During the height of the COVID-19 pandemic, many businesses were forced to adopt a fully digital work environment due to strict lockdowns and government mandated safety precautions. As a result, these companies were forced into Digital Transformations to better meet the needs of their newly distributed workforces and ensure company processes continued to function during an unprecedented time.
Post-COVID, many companies have shifted to a hybrid-work environment, allowing employees to split their weeks between the corporate office and their home offices – leaning more heavily on digital communication and virtual engagements to remain productive. With the hybrid work model still relatively new, most digital work environments require retooling and streamlining for the company to ensure their workforce remains productive and efficient – emphasizing the need for Business Process Automation.
What is Business Process Automation?
At its core, Business Process Automation (BPA) is the implementation and utilization of software to automate manual tasks. Manual tasks prime for automation include setting recurring meetings, creating tasks in team management software, sending information to team members, and workflow regulation. Instead of an individual regularly performing these tasks, they are automated by a program to save time and effort – lessening the administrative burden through the usage of technology.
A simple example of BPA is the creation of bots to automatically perform a workflow when a specific trigger is activated, or conditions met. For instance, executives can use Microsoft Power Automate to have a bot automatically set up a notes page for all attendees 15 minutes before a meeting. This way, individuals are prepared to take notes without having to perform a manual action, ensuring full focus on the current discussion.
In application development, you can implement workflows to replace repetitive tasks with automation -- which moves jobs from one stage to another. An example of this is a pipeline concept, where once a program is written and ‘checked in’ to a source code repository, it is automatically built by Continuous Integration/Continuous Delivery (CI/CD) and deployed to a QA environment for testing. On successful completion of testing, it can then be rolled out to customers. In addition, the workflow that decides what to do at each stage can be modified depending on the individual project.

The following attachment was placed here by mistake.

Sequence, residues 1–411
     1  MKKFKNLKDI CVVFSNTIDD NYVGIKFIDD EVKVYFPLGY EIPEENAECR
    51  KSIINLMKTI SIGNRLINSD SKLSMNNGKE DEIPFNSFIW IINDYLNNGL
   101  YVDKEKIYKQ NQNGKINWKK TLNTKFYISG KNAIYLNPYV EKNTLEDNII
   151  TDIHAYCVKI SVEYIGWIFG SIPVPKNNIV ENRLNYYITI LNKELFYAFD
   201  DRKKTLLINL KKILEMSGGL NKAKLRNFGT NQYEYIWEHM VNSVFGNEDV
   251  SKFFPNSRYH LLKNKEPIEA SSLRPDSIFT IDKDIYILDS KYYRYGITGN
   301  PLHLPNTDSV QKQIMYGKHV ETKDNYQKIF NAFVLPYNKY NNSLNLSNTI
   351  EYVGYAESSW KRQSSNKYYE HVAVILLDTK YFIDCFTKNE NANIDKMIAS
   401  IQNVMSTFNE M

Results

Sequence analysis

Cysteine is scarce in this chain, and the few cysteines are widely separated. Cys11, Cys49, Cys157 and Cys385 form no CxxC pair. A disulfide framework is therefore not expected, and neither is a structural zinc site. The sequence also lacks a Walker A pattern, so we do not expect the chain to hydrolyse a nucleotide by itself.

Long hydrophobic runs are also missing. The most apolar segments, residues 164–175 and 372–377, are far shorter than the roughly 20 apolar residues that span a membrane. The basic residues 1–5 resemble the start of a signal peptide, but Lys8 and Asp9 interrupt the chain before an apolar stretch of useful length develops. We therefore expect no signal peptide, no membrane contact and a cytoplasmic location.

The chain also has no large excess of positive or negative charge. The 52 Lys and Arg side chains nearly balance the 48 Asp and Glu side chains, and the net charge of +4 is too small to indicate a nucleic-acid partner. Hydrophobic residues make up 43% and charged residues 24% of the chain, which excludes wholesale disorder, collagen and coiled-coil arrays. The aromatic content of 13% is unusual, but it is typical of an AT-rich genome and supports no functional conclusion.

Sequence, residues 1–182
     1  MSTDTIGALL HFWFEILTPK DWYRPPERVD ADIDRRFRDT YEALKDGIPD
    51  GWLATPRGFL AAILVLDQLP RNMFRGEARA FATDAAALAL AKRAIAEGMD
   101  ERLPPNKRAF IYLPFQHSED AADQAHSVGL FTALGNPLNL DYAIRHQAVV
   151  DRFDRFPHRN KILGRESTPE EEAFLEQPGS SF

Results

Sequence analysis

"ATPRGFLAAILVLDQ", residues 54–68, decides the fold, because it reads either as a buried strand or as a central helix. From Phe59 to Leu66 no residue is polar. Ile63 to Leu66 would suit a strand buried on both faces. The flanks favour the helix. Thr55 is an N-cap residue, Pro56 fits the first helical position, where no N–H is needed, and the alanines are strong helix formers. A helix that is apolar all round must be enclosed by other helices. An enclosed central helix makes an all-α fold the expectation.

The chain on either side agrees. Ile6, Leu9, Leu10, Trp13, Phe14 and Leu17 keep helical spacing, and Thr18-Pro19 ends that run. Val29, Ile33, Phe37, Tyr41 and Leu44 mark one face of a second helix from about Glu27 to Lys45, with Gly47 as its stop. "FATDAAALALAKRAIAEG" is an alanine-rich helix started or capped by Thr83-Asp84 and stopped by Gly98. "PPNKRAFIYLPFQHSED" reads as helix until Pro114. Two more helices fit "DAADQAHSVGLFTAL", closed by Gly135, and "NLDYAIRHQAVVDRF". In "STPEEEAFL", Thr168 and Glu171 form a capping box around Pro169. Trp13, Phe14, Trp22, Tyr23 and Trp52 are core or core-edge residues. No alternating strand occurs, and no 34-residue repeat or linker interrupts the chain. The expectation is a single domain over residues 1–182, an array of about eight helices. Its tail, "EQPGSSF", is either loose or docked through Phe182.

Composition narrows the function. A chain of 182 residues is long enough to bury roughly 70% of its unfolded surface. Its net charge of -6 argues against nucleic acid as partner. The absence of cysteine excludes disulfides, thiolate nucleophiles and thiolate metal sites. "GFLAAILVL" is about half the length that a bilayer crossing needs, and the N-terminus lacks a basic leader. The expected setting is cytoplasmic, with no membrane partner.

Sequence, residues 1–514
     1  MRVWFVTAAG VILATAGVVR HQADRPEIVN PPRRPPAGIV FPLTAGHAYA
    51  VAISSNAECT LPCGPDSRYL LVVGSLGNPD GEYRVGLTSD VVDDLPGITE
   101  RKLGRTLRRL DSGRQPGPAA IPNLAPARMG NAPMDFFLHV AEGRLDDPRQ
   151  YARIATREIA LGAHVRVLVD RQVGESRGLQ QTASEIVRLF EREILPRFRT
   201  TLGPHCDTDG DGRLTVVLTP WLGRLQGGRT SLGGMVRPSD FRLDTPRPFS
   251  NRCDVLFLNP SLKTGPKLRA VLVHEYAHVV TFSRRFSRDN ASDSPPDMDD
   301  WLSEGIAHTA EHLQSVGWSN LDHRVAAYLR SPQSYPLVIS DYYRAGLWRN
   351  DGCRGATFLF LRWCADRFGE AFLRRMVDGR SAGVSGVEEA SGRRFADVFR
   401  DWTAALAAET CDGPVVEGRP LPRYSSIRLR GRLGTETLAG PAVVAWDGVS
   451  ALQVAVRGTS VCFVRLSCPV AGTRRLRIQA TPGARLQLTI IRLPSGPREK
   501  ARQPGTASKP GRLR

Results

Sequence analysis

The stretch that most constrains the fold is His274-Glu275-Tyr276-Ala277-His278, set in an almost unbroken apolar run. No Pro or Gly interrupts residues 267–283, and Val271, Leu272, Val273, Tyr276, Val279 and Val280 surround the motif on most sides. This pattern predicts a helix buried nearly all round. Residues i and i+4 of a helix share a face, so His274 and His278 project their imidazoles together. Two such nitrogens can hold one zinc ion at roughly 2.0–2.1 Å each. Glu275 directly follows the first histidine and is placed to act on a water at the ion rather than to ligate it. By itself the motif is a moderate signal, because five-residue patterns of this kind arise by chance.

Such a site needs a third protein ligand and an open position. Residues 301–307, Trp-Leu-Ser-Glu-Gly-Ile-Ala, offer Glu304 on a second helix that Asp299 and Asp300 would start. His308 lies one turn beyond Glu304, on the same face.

The Importance of Business Process Automation
BPA is critical for getting the most (and the best) out of a company’s staff and resources. Post-COVID, BPA is viewed not only as a necessity for the remote-to-hybrid work environment, but also as a critical tool for the growth and development of modern businesses seeking to differentiate themselves in the digital age. BPA provides companies with a myriad of benefits, including:
Workflow Optimization —One of the most important and immediate benefits of BPA -- workflow optimization allows executives to simplify, automate, and streamline manual tasks to remove most of the human element. Doing so accelerates project timelines, allowing companies to add more projects to the fray and cut time to deployment.
With the introduction of an accelerated and efficient workflow also comes a heavy increase in productivity. Now that employees can work free from administrative responsibility, they can spend more time performing quality work, rather than wasting it on manual input and tasks. Additionally, automated workflows can be further assessed, and new improvements made to ensure continued efficiency while benefiting quality of life for the workforce.
Growth— Smart Growth is synonymous with BPA. Smart Growth involves the use of metrics to continually assess tasks and events at each stage of a workflow, allowing project managers to better allocate resources and talent to streamline projects. This makes for a clearer understanding of a workflow's strengths and weaknesses, providing the opportunity to further improve its capabilities.
Additionally, by removing redundancy within a workflow and leveraging existing resources to support newer functions, ROI skyrockets as resources can now be reallocated to concurrently assist other ongoing projects, teams and departments.
Accountability —Now that the direct workflow has specific checkpoints that are implemented into the automation process, it becomes clear who is responsible for each stage of a project. What this does is keep team members accountable for the tasks that they’ve been assigned as well as on pace to complete their tasks. It makes sure that Service-Level Agreements (SLAs) are satisfied, and that quality work is performed at each stage, anything less being easily identified by looking at the chain of work throughout a project cycle.
Resolvit Builds Automated Solutions
At Resolvit, we’ve helped some of the world’s largest companies build, integrate, and execute automated solutions to move them forward. We provide end-to-end development, management and QA teams that work collaboratively with clients to understand their critical business objectives, evaluate their protocols, and engineer tailored software solutions to match their needs – all while placing the necessary in-house talent to ensure your project’s success. Looking to add automation to your business plan? Contact us today to plan your project and add efficiency to your company's foundation.